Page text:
“I do believe that part of this is ... just natural decay. The earth does break down after a while,” said Ken Donaldson, a life coach and mental health counselor in Tampa, Fla., who spent much of his childhood – and now his adulthood – walking through more than 20 national parks. “What do we do, stop people from coming?” He suggests that “perhaps a scheduling system might create better management” of the parks, and he advocates a cap on the number of daily visitors.

Each offers a unique take on the American landscape, the nation’s history and our collective culture. Best of all, you won’t have to fight the crowds along the way. By Rob Lovitt

There’s no question that “much of the pressure felt by our national parks originates from beyond park borders,” said Steven Silberberg, a Hull, Mass.-based backpacker who has visited at least six national parks, including Yosemite. “For example, ranchers kill bison all the time just outside the borders of Yellowstone National park for fear that their cattle will contact brucellosis. They also kill wolves and bears because they fear losing cattle ...

“Ultimately, I think one problem is that we expect the national parks to be static museum exhibits, when they are ever-changing dynamic landscapes subject to the same forces that the rest of the world experiences, from erosion to global warming to tectonic activity,” added Silberberg, owner and operator of Fitpacking, a company that guides people on backpacking adventure vacations to help them get in shape.

Texas rancher and artist Pablo Solomon – a self-described environmentalist since the first Earth Day in 1970 – suggests the parks adopt “defined use areas” for various crowds. “Some for tourists, some for serious hikers, some to just drive or ride the tram through,” he said. “The most popular and accessible parks are over run. [But] there are solutions.”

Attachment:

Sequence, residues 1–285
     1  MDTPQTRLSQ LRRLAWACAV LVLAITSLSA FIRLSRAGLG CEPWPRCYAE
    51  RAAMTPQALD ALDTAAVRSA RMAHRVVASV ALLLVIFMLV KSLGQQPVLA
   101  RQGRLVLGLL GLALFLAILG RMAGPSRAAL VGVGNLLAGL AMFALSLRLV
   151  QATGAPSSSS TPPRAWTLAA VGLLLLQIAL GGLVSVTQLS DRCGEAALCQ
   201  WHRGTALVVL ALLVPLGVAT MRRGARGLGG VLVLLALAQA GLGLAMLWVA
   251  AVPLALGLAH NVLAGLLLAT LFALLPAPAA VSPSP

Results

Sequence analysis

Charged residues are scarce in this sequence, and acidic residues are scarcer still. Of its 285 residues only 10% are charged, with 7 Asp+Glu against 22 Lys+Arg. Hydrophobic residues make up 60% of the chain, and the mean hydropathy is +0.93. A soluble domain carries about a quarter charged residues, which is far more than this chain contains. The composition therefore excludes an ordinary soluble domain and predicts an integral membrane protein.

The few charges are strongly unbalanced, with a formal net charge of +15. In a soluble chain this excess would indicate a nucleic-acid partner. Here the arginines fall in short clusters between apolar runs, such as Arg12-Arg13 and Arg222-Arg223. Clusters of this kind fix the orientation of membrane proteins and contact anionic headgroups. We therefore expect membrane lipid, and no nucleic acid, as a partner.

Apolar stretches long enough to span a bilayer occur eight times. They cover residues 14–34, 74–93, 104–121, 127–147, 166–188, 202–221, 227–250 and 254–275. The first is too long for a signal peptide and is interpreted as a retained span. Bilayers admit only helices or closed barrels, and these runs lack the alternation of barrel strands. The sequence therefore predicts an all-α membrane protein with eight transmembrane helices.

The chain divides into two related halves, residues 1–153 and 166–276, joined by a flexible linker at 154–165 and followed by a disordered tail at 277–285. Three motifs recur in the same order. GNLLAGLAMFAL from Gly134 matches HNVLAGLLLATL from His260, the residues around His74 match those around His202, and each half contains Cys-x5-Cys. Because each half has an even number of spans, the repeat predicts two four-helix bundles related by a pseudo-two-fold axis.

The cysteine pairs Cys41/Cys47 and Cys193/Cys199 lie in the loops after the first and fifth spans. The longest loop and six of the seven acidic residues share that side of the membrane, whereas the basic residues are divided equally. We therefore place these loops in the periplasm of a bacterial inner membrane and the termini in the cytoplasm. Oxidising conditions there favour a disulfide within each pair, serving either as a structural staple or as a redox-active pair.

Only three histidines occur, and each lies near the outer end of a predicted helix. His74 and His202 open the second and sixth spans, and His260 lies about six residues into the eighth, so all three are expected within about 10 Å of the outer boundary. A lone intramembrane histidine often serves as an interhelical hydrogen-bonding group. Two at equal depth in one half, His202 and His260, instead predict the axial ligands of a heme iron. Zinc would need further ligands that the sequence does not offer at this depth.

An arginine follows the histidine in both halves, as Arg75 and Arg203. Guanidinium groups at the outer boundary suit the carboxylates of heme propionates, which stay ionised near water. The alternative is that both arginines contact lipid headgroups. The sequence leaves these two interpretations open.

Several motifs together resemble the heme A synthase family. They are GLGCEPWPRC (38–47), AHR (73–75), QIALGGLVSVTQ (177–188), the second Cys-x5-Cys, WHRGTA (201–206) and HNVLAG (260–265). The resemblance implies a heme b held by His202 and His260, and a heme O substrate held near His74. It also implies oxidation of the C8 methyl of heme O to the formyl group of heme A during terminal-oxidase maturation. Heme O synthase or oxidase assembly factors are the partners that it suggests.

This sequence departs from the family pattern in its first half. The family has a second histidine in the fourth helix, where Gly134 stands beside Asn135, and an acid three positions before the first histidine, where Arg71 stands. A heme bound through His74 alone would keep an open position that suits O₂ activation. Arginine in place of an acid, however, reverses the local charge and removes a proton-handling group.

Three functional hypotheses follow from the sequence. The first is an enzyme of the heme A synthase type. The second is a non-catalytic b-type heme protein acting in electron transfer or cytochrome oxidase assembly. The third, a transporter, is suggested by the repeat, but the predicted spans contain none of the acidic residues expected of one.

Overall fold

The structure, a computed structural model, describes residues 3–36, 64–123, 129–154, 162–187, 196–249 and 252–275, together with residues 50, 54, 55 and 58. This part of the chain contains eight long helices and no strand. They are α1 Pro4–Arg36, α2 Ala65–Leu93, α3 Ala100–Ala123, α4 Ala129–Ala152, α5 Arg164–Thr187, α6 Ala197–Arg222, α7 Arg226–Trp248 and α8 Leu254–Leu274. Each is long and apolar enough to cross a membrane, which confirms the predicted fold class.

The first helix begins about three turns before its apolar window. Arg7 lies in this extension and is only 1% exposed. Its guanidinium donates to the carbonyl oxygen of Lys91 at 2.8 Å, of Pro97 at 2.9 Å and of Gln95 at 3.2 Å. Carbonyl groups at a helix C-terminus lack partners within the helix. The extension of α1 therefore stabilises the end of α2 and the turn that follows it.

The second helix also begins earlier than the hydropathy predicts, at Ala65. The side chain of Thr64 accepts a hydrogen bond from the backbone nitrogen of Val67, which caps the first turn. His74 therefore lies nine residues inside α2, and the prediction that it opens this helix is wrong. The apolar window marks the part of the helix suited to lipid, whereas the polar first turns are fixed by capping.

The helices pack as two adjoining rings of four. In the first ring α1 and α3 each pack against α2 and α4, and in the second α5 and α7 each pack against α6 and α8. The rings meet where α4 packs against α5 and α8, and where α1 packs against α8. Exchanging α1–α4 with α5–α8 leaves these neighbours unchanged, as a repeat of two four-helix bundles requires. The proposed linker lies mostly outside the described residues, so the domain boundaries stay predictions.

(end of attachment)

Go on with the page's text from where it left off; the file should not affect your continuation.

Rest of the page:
Above Great Smoky Mountains National Park, Dan Haynes believes he’s at the forefront of one of those solutions: he owns and operates Scenic Helicopter Tours, which is based in Sevierville, Tenn. The Air Tour Management Act of 2000, he said, already limits him to 1,800 sightseeing flights annually.

“As for the impact of air tours over the parks, I believe [they have] the least negative impact [on] the environment – but the worst perceived impact by those enjoying the parks from the ground,” Haynes said “Helicopters are generally 1,000 feet or higher above the ground and fly at speeds above 100 miles per hour. They leave no footprints, no trash and offer many people a fantastic view ... In short, we are not around long and we leave no trace.

“I’ve never been to the Grand Canyon,” Haynes added. “But wasn’t it created by erosion? Sorry, I just had to mention that.”